Chapter 9 Summary
In “The Second Tuesday: We Talk About Feeling Sorry for Yourself,” Morrie explains how he deals with the daily reminder that he is dying. The ALS is accelerating, and Albom reminds himself that he only has a little time left with his mentor. Now Morrie no longer sits in the dining room. Instead, he spends most of his time in a recliner in his study. When he needs to use the washroom, he rings a bell to summon one of his four nurses. Albom lifts his professor from the wheelchair into the recliner and notices that Morrie is no longer able to even hold onto the person helping him. Albom wonders how Morrie can deal with such difficulties. The professor explains that the morning is his time of mourning. He feels for parts of his body that are no longer under his control and allows himself to feel sorry. He explains that he lets himself cry if he needs to, but otherwise he goes on with his day. He feels lucky to be able to have so much time to die and to say goodbye to his loved ones.
Albom considers his own life. His newspaper union in Detroit is still on strike and the conflict between the workers and the owners is turning ugly. In Boston, newspapers are reporting stories about girls who murder seniors and then throw parties with the corpse on display. Everywhere he looks, Albom finds misery and people who feel sorry for themselves. He wonders what the world would be like if people only allowed themselves to feel self-pity for a set amount of time each day. However, when he is with Morrie, he finds life refreshing, as though he is shedding all the negativity of the outside world while sitting with his dying professor. Albom is flying several hundred miles each week to sit with his professor, but he feels that it is worth it.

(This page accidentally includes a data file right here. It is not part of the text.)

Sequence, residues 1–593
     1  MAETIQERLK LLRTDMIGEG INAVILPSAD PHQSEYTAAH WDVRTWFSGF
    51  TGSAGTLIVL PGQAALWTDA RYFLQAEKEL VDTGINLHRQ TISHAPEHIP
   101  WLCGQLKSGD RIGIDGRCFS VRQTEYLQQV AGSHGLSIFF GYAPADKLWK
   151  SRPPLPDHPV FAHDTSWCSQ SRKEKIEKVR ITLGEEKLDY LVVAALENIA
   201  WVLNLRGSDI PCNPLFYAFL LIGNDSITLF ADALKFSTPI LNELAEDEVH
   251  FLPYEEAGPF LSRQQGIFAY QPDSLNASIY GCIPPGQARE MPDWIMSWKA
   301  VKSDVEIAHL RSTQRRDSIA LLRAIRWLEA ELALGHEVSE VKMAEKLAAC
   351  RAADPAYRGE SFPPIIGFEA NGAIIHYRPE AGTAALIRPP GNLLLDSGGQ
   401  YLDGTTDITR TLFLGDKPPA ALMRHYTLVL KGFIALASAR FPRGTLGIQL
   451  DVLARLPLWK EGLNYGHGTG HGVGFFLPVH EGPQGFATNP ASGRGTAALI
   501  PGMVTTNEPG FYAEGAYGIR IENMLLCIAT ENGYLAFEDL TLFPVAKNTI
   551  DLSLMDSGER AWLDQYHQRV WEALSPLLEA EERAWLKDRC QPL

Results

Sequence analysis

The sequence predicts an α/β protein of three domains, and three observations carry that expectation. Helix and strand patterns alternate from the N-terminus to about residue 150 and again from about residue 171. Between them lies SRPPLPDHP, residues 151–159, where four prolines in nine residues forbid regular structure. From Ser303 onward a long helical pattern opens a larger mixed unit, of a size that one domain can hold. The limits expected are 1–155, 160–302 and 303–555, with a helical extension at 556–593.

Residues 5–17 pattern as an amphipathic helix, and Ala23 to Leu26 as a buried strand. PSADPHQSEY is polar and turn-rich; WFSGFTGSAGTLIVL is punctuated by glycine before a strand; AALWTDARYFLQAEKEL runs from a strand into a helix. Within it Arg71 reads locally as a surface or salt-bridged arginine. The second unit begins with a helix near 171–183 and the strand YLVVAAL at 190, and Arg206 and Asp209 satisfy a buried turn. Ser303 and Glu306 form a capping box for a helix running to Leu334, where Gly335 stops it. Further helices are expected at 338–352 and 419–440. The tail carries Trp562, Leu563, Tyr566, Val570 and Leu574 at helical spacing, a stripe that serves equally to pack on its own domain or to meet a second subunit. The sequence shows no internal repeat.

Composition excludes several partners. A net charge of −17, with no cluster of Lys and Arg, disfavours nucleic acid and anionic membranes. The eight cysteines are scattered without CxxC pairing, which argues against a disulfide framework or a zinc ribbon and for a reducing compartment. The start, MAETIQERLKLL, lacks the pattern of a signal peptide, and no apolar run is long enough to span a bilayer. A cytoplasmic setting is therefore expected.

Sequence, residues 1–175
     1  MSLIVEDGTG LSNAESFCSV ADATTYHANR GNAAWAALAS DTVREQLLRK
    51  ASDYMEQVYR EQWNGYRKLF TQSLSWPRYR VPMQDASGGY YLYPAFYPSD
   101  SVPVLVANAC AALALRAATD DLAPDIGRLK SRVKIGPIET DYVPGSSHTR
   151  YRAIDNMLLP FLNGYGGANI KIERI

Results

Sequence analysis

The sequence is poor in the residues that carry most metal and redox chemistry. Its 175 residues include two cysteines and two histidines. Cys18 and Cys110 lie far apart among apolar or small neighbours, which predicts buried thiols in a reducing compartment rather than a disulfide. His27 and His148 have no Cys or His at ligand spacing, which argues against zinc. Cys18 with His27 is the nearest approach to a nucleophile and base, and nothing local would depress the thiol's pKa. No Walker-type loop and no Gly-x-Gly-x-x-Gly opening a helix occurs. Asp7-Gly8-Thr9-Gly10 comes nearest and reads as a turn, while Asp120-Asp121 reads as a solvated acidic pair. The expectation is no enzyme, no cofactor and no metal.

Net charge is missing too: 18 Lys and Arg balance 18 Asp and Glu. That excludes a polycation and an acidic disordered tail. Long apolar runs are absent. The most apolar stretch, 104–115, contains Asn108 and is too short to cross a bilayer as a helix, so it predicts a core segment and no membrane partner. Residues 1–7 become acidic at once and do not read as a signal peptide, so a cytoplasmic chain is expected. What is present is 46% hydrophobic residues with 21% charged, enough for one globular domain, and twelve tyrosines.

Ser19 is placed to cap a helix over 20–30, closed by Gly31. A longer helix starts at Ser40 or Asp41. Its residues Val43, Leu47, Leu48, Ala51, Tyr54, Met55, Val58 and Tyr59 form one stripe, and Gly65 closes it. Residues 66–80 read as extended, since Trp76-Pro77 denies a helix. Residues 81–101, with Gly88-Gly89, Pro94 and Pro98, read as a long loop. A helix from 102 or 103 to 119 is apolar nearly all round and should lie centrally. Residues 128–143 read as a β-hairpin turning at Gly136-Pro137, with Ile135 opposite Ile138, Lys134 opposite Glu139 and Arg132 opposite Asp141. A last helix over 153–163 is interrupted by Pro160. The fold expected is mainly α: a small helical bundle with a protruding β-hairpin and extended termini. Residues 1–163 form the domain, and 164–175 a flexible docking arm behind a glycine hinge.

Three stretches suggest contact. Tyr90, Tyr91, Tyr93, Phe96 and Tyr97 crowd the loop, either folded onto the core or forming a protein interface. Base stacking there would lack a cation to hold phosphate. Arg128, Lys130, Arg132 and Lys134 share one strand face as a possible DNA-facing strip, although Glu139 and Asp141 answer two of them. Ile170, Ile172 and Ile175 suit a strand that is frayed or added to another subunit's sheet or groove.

Albom reflects on his time in college with Morrie. In this chapter he explains the dynamics of a class called “Group Process.” The class is meant to study how people interact with each other, but the young Mitch Albom finds it mostly “touchy-feely.” His professor encourages him to be more open-minded and goes on to lead an experiment meant to illustrate how trust is formed. The students are asked to fall backward into the arms of their partner. The first girl closes her eyes before she falls, and Morrie points out that being able to trust people means feeling that you can count on them even when you are in the dark.